I feel like I’ve reviewed a million Young Lion outings on this tour and yet they always slip into the two and a half to three-star bracket. They’re an enjoyable group to watch and are already doing better work than the likes of Iizuka. The future is bright.
Verdict: Two And A Half Stars
CHAOS (Hirooki Goto and YOSHI-HASHI) defeated Togi Makabe and Toa Henare
Big Togi is back after having some time off with an injury. He and Henare had an incredibly unsuccessful World Tag League, although it was the tournament in which Henare seemed to find his feet, so from that point of view they did well.
Part of what helped Henare find his feet was that Makabe isn’t a fan of tagging in. A facet of their team that continued here. Makabe started off against YOSHI, tagged out and then spent a long time on the apron. He came in for his mildly hot tag, took one bump off a Ushigoroshi and then disappeared again, leaving Henare to take the fall.
None of which particularly bothers me. If anything, I find Makabe’s ability to avoid work inspiring. Plus, Henare is ten times more interesting at this point. He’s this wild bundle of energy that charges around like a madman. The more time he gets with pros like HASHI and Goto, the better.
Verdict: Three Stars
Suzuki-gun (Lance Archer, Taichi, Davey Boy Smith Jr and Takashi Iizuka) defeated Bullet Club (Bad Luck Fale, Chase Owens, Yujiro Takahashi and Tanga Loa)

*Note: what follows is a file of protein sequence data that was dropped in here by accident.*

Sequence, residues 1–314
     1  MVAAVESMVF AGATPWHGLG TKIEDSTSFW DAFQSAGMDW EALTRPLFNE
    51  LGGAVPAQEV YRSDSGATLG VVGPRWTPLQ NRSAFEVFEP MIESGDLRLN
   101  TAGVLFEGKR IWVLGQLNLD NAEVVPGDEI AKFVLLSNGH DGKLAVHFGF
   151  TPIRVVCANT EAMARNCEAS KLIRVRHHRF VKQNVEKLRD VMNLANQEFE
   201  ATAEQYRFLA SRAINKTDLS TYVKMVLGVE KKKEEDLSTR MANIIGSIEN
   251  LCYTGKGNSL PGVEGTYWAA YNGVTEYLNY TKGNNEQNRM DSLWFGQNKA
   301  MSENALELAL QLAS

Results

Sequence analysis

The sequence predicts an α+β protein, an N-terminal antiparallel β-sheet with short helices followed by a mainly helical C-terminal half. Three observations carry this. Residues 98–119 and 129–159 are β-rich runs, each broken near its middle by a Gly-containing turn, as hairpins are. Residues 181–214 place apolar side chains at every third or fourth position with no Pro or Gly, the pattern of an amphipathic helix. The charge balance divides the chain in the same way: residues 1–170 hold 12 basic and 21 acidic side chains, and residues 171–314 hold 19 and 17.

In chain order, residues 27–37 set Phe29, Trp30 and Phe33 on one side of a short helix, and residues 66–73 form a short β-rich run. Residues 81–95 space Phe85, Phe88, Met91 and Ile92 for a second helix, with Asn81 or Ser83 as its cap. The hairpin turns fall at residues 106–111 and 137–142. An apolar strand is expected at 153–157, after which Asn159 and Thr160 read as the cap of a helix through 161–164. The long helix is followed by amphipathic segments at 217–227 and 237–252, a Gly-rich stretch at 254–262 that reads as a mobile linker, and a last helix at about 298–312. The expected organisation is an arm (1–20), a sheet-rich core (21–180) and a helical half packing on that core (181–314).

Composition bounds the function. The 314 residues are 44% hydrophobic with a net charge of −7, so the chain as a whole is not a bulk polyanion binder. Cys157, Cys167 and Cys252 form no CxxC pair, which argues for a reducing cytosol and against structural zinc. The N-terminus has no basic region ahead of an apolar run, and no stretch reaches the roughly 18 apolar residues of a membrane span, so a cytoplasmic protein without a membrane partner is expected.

Sending these ten men down to the ring is asking for my brain to switch off. Even Chase couldn’t get me to care about this.
However, it turns out there was one man who could get me on the edge of my seat. It was, well, Yujiro? Trust me, I’m as surprised as you.
After the usual dirty tactics from Suzuki-gun, Takahashi got the hot tag and came in fiery. The crowd followed along, suddenly making some noise as he reminded people he can wrestle. That wasn’t the Yujiro we’re used to seeing in these multi-mans, it was a man who cared. I’m intrigued to see whether this was a one-off or is the start of something.
Sadly, he wasn’t rewarded with the win as Killer Elite Squad continue to run roughshod over Bullet Club’s underlings. That’s either heating them up for another Tag Title shot or they’re going after the NEVER belts. Neither move strikes me as particularly inspiring.